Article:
Department Scholarships and Awards
The Department of Communication Sciences and Disorders administers a number of scholarships and awards open to undergraduate majors and graduate students. Support offered each year depends on the availability of funds. Scholarship opportunities can be viewed on the department’s scholarships and awards webpage.
ASHFoundation Grants and Awards
ASHFoundation offers various awards and scholarships based around research, servitude, and achievements. Award details are available online: https://www.ashfoundation.org/apply/
WSHA Foundation Scholarships
The WSHA Foundation currently sponsors several annual scholarship competitions, with awards announced at the Association’s Convention in the spring of each year. In awarding scholarships, WSHA does not discriminate based on race, color, creed, age, gender, sexual orientation, or disability. Each scholarship carries its own set of eligibility criteria and procedures. In general, however, all application materials must be received by WSHA on or before the specified date each year. Incomplete or late applications will be disqualified. Visit the WSHA website to review available awards and scholarships.
Clinical Assessment, Screening, Treatment, and Leadership in Evidenced-based practices for Children with Autism
With federal funding from the Office of Special Education Programs (OSEP; Grant #H325K190100) we plan to enroll the first cohort of scholars in Fall 2020, for the Clinical Assessment, Screening, Treatment, and Leadership in Evidenced-based practices for Children with Autism (CASTLE) Project. We will begin jointly training master’s level school psychology (EdS) and speech-language pathology (MS) students to be prepared to provide leadership and services for children with autism. This is an intensive 2-year training program completed in conjunction with the Eds or MS program that emphasizes evidence-based practices and interdisciplinary collaboration. Scholars chosen to participate in this program will acquire competencies via coursework, an autism focused practice seminar, and inter-disciplinary practicum and traineeship experiences. Full-time students funded through CASTLE will receive a scholarship that will cover 2 years of tuition (in-state or out-of-state) for 2 years, mentored leadership training through the Wisconsin Leadership Education in Neurodevelopmental and Related Disabilities (LEND) program administered through the Waisman Center and funding to attend professional conferences.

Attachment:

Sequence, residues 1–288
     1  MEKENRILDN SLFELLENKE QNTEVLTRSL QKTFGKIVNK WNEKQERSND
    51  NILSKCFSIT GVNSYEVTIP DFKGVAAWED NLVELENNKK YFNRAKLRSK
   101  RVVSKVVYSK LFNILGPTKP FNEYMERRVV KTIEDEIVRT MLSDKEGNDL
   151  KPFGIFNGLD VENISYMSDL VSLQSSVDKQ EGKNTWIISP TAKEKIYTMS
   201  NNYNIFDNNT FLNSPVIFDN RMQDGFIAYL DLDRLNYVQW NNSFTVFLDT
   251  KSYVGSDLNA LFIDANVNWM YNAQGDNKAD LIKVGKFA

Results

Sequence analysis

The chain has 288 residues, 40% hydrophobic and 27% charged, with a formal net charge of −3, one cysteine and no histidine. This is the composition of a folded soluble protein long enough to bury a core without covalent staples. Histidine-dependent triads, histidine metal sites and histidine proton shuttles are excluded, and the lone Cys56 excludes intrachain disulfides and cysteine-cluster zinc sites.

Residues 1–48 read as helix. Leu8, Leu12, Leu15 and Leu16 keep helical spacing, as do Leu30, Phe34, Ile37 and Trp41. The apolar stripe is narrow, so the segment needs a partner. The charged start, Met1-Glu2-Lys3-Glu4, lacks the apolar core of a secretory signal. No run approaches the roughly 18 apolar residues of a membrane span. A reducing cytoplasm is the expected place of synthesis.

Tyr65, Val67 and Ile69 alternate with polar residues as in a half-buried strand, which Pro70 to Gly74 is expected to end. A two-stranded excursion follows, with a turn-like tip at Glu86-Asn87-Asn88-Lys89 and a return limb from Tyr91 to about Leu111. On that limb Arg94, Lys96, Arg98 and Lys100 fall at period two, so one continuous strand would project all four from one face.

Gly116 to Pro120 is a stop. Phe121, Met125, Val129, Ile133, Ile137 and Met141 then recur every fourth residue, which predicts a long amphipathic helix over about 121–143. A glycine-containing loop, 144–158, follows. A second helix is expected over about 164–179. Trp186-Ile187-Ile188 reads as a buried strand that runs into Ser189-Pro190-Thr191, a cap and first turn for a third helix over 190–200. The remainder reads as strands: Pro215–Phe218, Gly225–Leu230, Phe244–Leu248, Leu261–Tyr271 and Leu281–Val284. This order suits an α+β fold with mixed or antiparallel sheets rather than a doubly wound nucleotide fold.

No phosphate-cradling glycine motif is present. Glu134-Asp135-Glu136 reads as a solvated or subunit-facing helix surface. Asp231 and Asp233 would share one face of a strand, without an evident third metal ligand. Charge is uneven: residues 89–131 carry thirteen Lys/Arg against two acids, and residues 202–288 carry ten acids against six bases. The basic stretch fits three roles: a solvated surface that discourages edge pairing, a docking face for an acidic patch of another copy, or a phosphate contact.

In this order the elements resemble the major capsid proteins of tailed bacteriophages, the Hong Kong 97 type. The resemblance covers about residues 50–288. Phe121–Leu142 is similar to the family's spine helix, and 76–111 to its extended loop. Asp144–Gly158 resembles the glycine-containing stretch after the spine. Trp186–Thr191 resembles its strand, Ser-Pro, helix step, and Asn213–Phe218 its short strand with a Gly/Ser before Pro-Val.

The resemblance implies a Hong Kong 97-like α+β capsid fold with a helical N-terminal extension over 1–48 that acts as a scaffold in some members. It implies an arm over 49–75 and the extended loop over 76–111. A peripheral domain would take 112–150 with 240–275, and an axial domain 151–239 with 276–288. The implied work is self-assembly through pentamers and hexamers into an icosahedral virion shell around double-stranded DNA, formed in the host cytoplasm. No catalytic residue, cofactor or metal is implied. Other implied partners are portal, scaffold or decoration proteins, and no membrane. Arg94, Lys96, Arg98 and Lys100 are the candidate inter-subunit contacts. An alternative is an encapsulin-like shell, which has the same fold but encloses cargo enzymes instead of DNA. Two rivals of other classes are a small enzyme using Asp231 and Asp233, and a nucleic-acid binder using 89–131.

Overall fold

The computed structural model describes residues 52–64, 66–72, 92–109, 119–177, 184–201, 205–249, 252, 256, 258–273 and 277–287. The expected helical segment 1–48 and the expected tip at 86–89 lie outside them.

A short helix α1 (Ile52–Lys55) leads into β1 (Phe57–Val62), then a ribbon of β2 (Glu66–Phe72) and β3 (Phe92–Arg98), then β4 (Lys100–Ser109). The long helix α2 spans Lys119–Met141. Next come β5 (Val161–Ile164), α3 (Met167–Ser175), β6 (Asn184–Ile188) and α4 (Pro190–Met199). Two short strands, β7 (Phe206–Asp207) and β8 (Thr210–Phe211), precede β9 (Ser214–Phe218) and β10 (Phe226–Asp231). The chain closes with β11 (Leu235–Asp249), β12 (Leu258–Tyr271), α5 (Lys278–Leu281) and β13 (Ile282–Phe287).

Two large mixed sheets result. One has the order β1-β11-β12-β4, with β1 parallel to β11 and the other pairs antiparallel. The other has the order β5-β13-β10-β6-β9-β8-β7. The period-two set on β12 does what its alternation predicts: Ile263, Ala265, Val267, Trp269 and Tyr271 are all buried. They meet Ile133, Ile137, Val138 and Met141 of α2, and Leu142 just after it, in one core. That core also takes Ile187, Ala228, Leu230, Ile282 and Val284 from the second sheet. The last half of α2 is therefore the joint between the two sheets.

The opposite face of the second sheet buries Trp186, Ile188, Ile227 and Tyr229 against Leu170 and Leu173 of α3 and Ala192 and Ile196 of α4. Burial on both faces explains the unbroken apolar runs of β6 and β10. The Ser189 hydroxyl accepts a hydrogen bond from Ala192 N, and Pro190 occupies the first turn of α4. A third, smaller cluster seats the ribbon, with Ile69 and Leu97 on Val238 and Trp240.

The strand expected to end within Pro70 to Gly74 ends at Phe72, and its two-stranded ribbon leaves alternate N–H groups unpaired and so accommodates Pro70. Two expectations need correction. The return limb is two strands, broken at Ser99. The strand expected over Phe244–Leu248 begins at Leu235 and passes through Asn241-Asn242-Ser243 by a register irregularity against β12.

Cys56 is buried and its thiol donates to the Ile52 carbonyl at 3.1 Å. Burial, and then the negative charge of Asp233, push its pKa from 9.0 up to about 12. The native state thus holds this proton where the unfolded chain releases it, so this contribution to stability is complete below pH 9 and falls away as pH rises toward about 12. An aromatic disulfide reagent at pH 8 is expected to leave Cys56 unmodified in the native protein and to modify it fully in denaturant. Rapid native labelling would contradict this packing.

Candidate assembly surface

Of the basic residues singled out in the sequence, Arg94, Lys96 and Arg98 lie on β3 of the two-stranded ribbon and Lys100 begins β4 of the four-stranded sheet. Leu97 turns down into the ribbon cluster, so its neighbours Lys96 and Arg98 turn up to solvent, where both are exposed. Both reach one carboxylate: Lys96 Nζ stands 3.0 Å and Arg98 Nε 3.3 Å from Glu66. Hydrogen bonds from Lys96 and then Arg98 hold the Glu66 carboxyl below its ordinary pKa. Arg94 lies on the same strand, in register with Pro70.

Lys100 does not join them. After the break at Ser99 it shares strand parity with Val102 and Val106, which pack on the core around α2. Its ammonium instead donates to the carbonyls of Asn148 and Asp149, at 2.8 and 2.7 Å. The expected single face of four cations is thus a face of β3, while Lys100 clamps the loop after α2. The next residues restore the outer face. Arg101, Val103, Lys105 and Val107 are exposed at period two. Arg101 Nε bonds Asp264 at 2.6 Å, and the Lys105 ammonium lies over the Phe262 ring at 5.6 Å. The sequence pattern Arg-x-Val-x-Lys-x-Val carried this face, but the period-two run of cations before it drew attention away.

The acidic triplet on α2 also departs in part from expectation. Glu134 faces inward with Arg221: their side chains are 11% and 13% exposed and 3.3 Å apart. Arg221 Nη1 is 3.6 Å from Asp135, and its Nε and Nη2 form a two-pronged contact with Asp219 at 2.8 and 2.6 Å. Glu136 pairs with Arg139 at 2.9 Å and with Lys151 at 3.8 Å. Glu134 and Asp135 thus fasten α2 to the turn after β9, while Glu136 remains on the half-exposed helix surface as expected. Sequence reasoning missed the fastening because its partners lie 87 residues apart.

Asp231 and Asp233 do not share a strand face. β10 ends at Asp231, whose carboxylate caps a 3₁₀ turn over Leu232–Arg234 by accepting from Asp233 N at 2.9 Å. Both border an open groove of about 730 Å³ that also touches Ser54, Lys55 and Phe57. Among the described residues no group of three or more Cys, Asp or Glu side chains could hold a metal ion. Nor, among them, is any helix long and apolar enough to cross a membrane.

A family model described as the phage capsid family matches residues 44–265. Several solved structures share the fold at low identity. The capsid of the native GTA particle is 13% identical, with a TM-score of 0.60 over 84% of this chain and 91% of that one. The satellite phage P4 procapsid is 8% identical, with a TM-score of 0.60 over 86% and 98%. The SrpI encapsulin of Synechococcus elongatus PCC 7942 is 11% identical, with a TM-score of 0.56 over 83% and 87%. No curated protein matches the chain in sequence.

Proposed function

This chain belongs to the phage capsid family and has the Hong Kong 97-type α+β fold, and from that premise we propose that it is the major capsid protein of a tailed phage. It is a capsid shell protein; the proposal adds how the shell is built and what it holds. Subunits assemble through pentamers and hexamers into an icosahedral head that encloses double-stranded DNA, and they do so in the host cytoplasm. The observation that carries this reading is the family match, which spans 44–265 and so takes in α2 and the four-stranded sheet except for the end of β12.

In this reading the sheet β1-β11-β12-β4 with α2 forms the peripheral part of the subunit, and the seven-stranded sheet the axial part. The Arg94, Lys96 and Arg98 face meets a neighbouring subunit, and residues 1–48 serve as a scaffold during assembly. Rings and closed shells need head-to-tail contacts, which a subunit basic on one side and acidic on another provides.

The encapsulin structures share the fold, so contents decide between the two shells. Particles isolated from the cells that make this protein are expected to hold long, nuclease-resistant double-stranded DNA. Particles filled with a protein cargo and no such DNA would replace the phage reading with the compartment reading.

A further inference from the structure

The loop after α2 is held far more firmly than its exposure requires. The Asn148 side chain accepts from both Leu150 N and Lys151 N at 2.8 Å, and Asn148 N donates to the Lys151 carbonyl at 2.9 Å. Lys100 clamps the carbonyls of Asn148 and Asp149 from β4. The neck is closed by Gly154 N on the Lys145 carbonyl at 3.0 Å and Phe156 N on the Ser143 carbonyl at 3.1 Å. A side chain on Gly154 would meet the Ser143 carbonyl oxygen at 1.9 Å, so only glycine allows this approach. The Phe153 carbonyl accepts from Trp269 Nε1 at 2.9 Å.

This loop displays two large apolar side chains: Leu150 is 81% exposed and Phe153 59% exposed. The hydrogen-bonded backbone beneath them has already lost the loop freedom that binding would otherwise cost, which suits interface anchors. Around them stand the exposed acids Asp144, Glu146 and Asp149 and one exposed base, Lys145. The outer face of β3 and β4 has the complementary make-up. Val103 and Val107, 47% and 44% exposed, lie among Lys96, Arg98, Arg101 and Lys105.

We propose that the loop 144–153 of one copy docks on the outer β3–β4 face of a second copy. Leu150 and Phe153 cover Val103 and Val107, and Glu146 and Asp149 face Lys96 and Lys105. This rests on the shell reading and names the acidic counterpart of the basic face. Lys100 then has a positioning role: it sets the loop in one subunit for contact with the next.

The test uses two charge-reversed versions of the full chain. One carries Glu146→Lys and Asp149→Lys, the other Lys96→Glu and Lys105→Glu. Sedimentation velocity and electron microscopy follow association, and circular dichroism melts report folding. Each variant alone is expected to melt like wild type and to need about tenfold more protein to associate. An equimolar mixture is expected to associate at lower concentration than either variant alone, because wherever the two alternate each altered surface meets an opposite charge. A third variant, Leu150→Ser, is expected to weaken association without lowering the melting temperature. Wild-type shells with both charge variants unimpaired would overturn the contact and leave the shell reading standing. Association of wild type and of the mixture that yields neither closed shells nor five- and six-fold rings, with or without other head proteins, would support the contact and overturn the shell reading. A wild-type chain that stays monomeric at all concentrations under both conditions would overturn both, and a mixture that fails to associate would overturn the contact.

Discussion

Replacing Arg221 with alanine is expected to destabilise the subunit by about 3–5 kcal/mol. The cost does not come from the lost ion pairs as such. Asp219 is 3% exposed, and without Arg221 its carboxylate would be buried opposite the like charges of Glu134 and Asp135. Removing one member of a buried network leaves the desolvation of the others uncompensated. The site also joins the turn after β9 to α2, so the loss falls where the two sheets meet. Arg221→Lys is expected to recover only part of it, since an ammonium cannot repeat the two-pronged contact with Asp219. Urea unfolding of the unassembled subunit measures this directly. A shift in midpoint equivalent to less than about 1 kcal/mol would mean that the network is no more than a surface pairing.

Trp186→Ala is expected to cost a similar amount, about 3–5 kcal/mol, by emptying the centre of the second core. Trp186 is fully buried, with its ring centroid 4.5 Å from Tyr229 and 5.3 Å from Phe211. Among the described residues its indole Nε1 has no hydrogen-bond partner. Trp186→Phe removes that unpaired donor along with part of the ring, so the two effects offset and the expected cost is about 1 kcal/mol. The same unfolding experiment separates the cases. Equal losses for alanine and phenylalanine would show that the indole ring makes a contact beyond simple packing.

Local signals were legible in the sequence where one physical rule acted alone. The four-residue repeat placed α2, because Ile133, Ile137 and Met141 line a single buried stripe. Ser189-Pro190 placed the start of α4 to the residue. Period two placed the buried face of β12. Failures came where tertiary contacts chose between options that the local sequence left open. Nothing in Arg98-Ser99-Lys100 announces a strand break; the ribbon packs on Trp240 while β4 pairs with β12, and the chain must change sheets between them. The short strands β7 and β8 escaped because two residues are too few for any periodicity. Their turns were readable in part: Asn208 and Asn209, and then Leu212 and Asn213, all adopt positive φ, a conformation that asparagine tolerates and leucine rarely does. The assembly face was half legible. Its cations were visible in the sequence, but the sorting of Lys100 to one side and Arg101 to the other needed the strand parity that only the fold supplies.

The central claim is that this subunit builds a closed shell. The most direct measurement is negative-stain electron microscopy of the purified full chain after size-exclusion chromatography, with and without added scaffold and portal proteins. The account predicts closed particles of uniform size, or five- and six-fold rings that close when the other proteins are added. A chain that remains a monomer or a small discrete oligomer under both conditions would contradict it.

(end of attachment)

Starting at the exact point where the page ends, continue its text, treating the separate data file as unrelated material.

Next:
For more information about CASTLE please contact: Jennifer Asmus, Ph.D. at firstname.lastname@example.org, Lindsay McCary, Ph.D. at email@example.com, Alyson Eith, M.S. at firstname.lastname@example.org, or Amy Hartman, Au.D. at email@example.com.
INterdisciplinary Collaboration for Language in Universally Designed Education
Project INCLUDE promotes interdisciplinary collaboration among scholars from two different programs, Special Education and Speech Language Pathology, with a focus on augmentative and alternative communication (AAC) and assistive technology for children and youth who have significant intellectual and developmental disabilities. Project INCLUDE scholars have highly specialized and focused experiences within the two-year time frame of their respective graduate program. These include coursework, activities, field placements, and shared assignments, that allow scholars to gain real world interdisciplinary experience in AAC. Scholars will gain the requisite knowledge and skills to provide differentiated instruction and intensive individualized interventions with K-12 students with intellectual and developmental disabilities and complex communication needs who require AAC by acquiring competencies that foster:
- high expectations
- differentiated and universally designed instruction
- intensive individualized interventions
- interdisciplinary collaboration
Project INCLUDE is federally funded by OSEP (Office of Special Education Programs) personnel preparation grant #H325K190092. INCLUDE scholars will receive a total of $29,500 of scholarship funding across the length of the program. Scholars who receive funding through this program must complete a service obligation upon graduation. For each year scholars are funded through the program, two years of special education services are required. Commonly, employment as a special education teacher or speech-language pathologist for children with disabilities or at risk of being diagnosed with disabilities fulfills this requirement. Scholars have a 5-year grace period to complete service obligations. Scholars can fulfill their service obligation anywhere across the U.S. If the service obligation is not fulfilled, scholars must pay back the scholarship in the form of a loan. OSEP guidelines only allow funding to be provided to U.S. citizens.
For more information, please visit the Project INCLUDE website.